The plaintiff contends that Ohio Bell breached its contract with her and terminated her for the purpose of depriving her of benefits under the sickness disability plan and/or the long-term disability plan. She argues that this termination violated ERISA Sec. 510, 29 U.S.C. § 1140, and resulted in actual loss of disability benefits. Ohio Bell asserts that Braun's termination was for "just cause" and not for the motive asserted by Braun and that, therefore, the plaintiff had no cause of action under 29 U.S.C. § 1140. See Rose v. Interlogic Trace, Inc., 652 F. Supp. 1328, 1330 (W.D. Tex. 1987); Corum v. Farm Credit Services, 628 F. Supp. 707, 717-18 (D. Minn. 1986).
We believe the record clearly demonstrates that "just cause" existed for the termination of Braun's employment by the defendant.1 On several occasions in early 1984, and again in August 1984 and January 1985, Braun was cited for rude and discourteous behavior towards Ohio Bell customers. On January 27, 1984, Braun refused to repeat a telephone number for a customer. Ohio Bell then placed her on "final warning." The following August, she was given a warning for prematurely hanging up on customers. On January 3, 1985, the plaintiff was given verbal counseling for being loud and argumentative with customers. Finally, on January 10, 1985, a customer called to request a telephone number. Braun responded that there was no new listing for the requested party. When the customer asked whether she expected a new number to be assigned in the near future, Braun responded, "I do not tell fortunes." These actions by the plaintiff justified the employer's decision to discharge Braun. She does not deny this behavior. On appeal, she claims that she was mentally ill and needed treatment, but she made no such claim to Ohio Bell. Her own doctors did not support this contention raised on appeal.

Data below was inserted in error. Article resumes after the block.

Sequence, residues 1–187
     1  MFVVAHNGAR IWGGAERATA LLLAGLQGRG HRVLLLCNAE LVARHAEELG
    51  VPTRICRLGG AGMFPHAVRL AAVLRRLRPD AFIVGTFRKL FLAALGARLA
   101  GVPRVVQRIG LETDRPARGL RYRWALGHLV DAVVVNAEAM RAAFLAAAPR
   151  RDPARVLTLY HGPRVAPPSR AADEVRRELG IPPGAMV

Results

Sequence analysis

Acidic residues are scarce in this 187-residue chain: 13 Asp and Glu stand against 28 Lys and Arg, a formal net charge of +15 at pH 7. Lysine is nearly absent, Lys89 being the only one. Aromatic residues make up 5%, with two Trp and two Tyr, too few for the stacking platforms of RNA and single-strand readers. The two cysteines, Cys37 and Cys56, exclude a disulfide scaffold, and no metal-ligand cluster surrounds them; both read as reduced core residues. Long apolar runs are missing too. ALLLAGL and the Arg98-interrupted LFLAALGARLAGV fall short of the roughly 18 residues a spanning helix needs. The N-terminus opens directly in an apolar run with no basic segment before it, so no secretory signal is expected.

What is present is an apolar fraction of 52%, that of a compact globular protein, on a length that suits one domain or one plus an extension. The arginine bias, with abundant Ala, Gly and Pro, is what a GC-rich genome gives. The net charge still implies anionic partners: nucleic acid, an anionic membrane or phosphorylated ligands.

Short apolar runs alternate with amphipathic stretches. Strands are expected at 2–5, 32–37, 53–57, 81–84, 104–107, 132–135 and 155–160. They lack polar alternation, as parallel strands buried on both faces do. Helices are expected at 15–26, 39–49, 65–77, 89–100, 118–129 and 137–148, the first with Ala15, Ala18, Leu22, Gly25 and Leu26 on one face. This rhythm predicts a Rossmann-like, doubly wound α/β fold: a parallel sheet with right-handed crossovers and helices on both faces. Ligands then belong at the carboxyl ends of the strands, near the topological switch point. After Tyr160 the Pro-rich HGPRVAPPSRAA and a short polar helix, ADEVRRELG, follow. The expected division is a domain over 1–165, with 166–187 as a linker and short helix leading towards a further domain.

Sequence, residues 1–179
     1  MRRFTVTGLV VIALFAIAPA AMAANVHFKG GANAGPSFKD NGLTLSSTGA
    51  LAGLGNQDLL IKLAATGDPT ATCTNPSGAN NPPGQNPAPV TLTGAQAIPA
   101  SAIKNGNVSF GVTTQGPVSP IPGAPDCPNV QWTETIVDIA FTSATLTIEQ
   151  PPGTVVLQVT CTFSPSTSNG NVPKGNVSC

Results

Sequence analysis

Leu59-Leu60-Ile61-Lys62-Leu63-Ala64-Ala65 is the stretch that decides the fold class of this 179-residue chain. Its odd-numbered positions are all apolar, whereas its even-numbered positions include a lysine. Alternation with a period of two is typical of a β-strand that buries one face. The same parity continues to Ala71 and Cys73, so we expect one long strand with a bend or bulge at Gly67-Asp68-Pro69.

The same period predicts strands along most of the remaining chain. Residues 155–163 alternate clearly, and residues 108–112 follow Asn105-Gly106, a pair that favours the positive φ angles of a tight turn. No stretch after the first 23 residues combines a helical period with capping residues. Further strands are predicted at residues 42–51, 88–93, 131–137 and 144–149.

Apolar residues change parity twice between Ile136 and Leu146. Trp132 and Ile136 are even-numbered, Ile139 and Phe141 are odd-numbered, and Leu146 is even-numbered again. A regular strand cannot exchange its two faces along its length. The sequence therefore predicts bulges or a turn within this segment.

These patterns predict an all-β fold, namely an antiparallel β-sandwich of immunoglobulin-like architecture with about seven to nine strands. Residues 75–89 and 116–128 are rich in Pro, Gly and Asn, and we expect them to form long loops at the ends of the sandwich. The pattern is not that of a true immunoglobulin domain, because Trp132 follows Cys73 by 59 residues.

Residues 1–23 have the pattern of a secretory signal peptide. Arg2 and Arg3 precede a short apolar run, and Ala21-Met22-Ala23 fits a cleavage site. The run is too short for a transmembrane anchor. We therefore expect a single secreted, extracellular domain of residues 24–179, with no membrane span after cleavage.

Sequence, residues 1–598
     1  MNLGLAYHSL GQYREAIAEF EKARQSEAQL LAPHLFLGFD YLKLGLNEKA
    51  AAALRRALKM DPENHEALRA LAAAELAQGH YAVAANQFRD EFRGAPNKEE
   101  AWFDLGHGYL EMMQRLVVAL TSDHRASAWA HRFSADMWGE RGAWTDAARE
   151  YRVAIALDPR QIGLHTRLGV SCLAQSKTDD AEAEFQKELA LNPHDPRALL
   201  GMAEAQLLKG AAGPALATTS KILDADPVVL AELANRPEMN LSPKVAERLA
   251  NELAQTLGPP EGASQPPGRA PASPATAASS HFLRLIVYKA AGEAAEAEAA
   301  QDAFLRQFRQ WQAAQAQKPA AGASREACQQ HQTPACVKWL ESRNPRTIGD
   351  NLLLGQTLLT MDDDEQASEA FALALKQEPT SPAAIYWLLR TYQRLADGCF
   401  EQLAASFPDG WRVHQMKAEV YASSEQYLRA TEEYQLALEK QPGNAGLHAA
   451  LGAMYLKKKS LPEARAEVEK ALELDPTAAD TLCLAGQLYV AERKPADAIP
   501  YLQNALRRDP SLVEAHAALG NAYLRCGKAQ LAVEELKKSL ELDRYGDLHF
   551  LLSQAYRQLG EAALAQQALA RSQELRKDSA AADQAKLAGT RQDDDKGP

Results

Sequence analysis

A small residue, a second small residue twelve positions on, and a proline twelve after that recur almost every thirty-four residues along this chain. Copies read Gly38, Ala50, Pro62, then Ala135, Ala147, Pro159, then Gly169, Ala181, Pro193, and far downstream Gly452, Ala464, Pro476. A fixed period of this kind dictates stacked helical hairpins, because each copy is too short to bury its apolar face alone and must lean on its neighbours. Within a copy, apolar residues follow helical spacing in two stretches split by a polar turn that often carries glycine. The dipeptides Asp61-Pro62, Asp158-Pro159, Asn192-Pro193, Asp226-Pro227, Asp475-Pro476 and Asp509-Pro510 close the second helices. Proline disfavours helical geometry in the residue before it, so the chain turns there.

The facts show that the plaintiff was given numerous warnings concerning her behavior toward customers. Her actions obviously were not in the best interests of the company and contravened the employer's guidelines for dealing with customers.
We agree with the Ohio Board of Review that there was just cause for terminating Braun. We further conclude that there is no material issue precluding our determination that Braun was not fired in order to deprive her of benefits under the sickness/disability plan. Accordingly, the decision granting summary judgment for the defendant is hereby AFFIRMED.
The Honorable Horace W. Gilmore, United States District Judge for the Eastern District of Michigan, sitting by designation
Because just cause for Braun's termination is established by the record, we do not decide whether, as the district court found, the cause of action was precluded in federal court on collateral estoppel grounds by virtue of the prior determination of the Ohio Unemployment Compensation Board of Review